With respect to any goods falling within Chapter 61 or 621 of the Harmonized Commodity Description and Coding System, Hong Kong traders can claim preferential tariff treatment from New Zealand by applying for a certificate of origin (CO). The CO shall be issued by the Trade and Industry Department or by a Government Approved Certification Organisation of Hong Kong.

Please refer to Chapter 4 (Rules of Origin) and its Annex in the Text of the Agreement and trade circulars issued by the Trade and Industry Department for details concerning the rules of origin, document requirements, record keeping requirements and other relevant issues for exporting goods originating in Hong Kong to New Zealand under the CEP Agreement.

Exporting New Zealand Goods to Hong Kong

Hong Kong commits to bind the provision of tariff free access to all New Zealand originating products upon the entry into force of the CEP Agreement.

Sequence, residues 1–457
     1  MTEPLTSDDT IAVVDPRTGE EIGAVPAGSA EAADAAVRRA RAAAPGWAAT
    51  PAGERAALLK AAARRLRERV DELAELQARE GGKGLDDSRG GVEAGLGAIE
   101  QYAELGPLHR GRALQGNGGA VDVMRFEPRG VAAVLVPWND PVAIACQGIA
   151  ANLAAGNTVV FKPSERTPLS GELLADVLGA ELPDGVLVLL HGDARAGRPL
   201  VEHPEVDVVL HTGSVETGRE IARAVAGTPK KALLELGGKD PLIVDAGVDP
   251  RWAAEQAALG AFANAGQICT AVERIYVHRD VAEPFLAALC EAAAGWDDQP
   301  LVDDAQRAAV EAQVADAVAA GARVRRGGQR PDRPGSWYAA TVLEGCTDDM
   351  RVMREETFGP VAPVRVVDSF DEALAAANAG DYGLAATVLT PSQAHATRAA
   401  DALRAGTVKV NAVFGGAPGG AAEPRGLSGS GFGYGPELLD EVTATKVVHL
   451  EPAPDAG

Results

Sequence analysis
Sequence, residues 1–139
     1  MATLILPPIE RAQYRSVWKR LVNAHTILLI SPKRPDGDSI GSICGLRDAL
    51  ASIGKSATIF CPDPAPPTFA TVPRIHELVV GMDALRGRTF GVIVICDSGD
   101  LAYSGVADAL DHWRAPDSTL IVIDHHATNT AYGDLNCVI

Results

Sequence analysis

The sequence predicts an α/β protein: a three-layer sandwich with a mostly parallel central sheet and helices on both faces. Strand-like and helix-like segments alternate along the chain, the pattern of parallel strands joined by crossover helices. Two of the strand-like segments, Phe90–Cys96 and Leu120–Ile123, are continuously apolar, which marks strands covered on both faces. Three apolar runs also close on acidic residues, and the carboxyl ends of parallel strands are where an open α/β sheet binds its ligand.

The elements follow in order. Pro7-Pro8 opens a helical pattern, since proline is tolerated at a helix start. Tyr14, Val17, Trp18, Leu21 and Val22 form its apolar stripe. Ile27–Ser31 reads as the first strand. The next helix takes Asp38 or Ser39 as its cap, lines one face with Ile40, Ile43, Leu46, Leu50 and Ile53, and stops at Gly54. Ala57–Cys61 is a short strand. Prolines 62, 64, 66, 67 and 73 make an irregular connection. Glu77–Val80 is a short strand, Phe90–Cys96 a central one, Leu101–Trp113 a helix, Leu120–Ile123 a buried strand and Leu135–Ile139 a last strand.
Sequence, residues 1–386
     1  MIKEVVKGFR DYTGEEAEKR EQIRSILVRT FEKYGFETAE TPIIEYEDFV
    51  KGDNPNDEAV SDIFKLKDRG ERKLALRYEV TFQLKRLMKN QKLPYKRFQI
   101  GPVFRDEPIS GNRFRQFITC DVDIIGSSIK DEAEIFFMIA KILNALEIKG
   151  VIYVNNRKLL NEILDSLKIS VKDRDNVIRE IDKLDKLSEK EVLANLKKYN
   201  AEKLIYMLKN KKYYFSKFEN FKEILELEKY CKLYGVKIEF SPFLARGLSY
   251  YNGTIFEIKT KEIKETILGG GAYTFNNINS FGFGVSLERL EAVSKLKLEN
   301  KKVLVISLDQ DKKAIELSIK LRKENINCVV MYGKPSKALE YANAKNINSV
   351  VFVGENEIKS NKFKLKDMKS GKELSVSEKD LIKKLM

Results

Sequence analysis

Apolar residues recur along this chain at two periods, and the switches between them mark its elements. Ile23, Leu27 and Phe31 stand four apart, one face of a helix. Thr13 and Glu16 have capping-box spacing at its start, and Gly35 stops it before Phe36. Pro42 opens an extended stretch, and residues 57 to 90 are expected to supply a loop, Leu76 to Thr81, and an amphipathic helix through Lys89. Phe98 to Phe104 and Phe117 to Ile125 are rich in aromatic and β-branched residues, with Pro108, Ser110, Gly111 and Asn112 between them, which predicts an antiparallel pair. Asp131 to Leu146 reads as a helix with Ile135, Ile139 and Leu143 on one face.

Imports from New Zealand are not required to be accompanied by an origin declaration or certification of origin in order for the goods to enjoy the tariff-free treatment.

Customs Procedures and Cooperation

The CEP Agreement provides for mutual cooperation in the administration of custom matters. It seeks to ensure that the customs procedures and practices applying to goods traded between the two sides are predictable, consistent, transparent and trade facilitating.

Trade Remedies

Hong Kong and New Zealand have agreed to prohibit the use of export subsidy on all products in the bilateral trade.

Originating products of Hong Kong or New Zealand will not be subject to safeguard actions by one another, if such products are not a cause of or a threat to cause serious injury to the domestic industry.

Provisions are in place to enhance the transparency on the use of anti-dumping measures.

Sanitary and Phytosanitary (SPS) Measures3 and Technical Barriers to Trade (TBT)